Welsh carmaker Riversimple is part of a consortium that has been awarded £125,000 to develop a bio-carbon composite material using flax fibres. The company will use its hydrogen fuel cell-powered vehicle, the Rasa, as a testbed for the new material which is being developed in partnership with NetComposites and KS Composites.
The material combines traditional carbon fibres with flax and epoxy in a layered structure, where the flax acts as the central layer, overcoming the need for a double-cure process.
“One of the traditional problems with carbon fibre monocoques is their NVH properties,” explained Hugo Spowers, chief engineer and founder of Riversimple. “You get some very significant effects inside the car if you’re not careful. We’ve minimised that in our existing prototype using sandwich materials, but that requires a lengthy double-cure process.”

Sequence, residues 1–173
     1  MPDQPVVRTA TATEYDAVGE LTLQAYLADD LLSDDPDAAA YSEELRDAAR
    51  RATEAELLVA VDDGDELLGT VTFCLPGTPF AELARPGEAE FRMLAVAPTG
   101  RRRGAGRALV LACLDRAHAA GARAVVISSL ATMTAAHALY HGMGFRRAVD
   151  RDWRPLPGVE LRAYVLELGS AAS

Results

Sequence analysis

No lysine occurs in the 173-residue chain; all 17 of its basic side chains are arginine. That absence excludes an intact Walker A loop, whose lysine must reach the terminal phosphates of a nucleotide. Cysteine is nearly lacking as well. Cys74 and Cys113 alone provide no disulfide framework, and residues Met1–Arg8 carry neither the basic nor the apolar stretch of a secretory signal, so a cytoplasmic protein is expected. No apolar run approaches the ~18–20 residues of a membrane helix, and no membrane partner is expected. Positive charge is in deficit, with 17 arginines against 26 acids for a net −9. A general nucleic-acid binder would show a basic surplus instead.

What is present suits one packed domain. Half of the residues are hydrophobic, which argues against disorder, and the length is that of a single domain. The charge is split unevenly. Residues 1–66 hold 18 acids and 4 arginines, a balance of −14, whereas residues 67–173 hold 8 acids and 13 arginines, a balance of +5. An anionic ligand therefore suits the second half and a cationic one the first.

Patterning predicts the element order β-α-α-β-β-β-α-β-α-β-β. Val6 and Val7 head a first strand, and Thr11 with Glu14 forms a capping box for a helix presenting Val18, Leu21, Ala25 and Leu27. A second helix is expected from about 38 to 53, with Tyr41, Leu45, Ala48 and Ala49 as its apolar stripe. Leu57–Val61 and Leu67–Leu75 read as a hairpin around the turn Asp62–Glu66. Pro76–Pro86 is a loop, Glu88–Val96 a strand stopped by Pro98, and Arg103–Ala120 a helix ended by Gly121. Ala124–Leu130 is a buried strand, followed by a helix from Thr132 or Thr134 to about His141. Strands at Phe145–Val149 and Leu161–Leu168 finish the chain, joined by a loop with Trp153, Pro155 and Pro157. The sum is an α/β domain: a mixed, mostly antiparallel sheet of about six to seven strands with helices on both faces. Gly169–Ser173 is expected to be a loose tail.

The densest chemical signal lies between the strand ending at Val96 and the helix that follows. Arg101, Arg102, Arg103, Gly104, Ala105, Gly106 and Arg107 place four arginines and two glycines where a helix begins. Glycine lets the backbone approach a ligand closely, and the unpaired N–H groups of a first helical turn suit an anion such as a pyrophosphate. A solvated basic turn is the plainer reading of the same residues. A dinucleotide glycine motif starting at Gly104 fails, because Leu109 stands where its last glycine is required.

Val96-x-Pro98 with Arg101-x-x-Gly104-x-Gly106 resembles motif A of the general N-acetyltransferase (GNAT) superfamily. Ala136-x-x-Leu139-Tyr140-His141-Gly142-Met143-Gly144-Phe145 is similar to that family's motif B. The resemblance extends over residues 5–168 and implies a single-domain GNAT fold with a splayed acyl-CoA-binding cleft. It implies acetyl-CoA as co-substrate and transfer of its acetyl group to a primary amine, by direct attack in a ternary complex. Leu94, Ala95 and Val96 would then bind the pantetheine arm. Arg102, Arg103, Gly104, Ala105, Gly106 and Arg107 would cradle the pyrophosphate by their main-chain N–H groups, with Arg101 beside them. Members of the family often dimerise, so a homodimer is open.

Creating this central layer from flax eliminates the additional lay-up and curing steps, reducing the time, cost and environmental impact. Spowers cited the recent CARBIO project, which showed that a 50:50 carbon flax laminate had the same bending stiffness as all-carbon but with a 15 per cent reduction in cost, 7 per cent lower weight and 58 per cent greater vibration damping capabilities.
The Riversimple project will be the first time that the material has been tested on a car. Initially, it’s likely to be used on the Rasa’s rear bodywork, which is non-structural but NVH-critical due to the size of the panel.
“Further down the line we can see this being used for primary structural components,” Spowers told The Engineer. “Our endgame is to produce cars entirely out of recyclable or biodegradable materials and this is a step in that direction.”